On the next episode of the Podcast, I’m going to be interviewing Writer/Director and Producer Shane Abess, he recently did a sci-fi film called, “The Osyrus Child” We talk about how he was able to get that film financed and produced. So, keep an eye out for that episode next week.

To wrap things up I just want to touch on a few things from today’s episode with Dan. One thing that stuck out to me was, the fact that this whole process of Dan’s, Dan said, this whole process took like 7 years. Even low-budget films which don’t necessarily show up in thousands, of multi-plexes across the globe are still difficult and they take a ton of work. And I’m going through this experience myself with, “The Pinch” “The Pinch” as I said, is a micro-budget film, super-low-budget. Even that has taken a number of years. From the time I started re-writing the script. And assuming that I am actually, going to finish the project before the year is up. Which I think, at this point is a reasonably safe assumption. Assume a 3 year process, I think I started writing this script at the very beginning of 2015. I wrote the script in 2015. I then did my kick-starter, in early 2016, shot the film in the summer of 2016. And then I did post-production now, for well over a year. So, again, these projects just take time. It’s just all of these things is a lot pieces to while producing a film. And I think this is important to remember because often times when you’re just starting out, with this process. Even if you are in the middle of this process. It can feel like it’s never going to end. And it can be very, very, discouraging, and demoralizing. But, eventually it’s persist and eventually you will get through it. And I really think that’s really key, and I hope a lot of what I’m doing with this Podcast. Is just demystifying the process. So, when you are in the middle, of these things. And sometimes, it’s just writing the script. Sometimes you just writing the script and just getting through that process. It feels like it’s never going to end. You have these moments where you just want to just give it up. And just think it’s going to end up terrible. That’s the process. And as I said, just look at this film, “Dementia 13.” It’s a small little film. It still took Danny, Dan is an experienced producer with a lot of experience. You know, involved with a lot of very experienced film makers. It still took them 7 years, to get here, with this film, all the way through production. So again, don’t get discouraged, just keep plotting along and hopefully, eventually, you will get through it. Another thing that I thought was interesting for me, in the interview for me was? How they, the project came to Dan? It was through his co-writer, Justin Smith, whom Dan knew before this project. This is exactly why, as a writer, you need to establish a number of relationships with industry people. Justin probably, pitched this project to several different producers like Dan. But, ultimately Dan was the one who liked it, and came on-board. But, this is a real world example, of how establishing these sorts of relationships, as quickly and as soon as possible in your career really help. Then, when you have these relationships in place. And you hear about an opportunity, in this case. Justin heard of an opportunity where he thought he could get his film financed. If there was just some of the legal hurdles they can get over. He called up Dan, Dan had the ability to help get through those legal challenges. And then, boom, they were able to raise the money, write the script and produce the movie. And again, having these contacts in place is very, very, important. So, when you hear of opportunities you can start to work those opportunities. And talk to these people, and you go in already with the relationship.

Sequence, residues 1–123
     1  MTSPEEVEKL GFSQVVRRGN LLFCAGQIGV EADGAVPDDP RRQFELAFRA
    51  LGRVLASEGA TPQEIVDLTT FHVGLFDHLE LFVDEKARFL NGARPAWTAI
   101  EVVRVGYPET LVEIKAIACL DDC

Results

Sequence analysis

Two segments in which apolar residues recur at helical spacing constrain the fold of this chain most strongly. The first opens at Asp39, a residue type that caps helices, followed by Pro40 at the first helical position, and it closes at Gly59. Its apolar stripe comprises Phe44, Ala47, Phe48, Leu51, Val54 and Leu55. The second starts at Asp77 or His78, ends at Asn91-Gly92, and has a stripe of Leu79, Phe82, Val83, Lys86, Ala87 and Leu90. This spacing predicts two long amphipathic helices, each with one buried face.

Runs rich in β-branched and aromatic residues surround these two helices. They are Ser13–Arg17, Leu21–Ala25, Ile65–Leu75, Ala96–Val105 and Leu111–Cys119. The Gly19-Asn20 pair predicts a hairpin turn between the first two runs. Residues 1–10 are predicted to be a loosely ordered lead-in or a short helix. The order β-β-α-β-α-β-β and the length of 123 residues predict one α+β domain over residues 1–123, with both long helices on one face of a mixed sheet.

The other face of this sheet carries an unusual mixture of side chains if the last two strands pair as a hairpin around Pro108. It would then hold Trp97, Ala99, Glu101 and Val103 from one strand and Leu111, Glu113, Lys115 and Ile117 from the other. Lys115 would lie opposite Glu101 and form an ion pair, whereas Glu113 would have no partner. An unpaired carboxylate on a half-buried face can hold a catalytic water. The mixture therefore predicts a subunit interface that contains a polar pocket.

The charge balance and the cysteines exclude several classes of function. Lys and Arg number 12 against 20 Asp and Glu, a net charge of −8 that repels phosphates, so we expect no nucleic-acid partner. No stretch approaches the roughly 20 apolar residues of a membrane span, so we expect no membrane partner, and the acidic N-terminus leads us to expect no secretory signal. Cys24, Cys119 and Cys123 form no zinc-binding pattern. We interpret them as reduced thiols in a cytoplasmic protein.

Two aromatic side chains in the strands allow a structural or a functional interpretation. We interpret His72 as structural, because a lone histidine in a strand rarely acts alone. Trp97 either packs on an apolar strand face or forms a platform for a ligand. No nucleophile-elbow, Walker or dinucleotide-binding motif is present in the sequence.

If Justin did not have a relationship with Dan. And he had just pitched this project to him? Would Dan have gotten involved in it from the start? You never know? Maybe he would have liked the project, maybe it would have come across, but, probably not. You know, establishing those relationships are really getting people to read your material, even if it doesn’t necessarily result in an option or a sale. Can still start to build that relationship. You meet directors, you meet producers, they read your stuff, they like it. Maybe they can’t do anything with it, that particular project right now? But, down the line, down the road, there will be other opportunities for you to approach, or visa-versa, for them to approach you, and your project. So again, relationship building, and I think they give you, a real world example kind of thing. How ultimately those relationships, you know, come to fruition, and end up in a produced film.

Anyway, that’s the show, thank you for listening.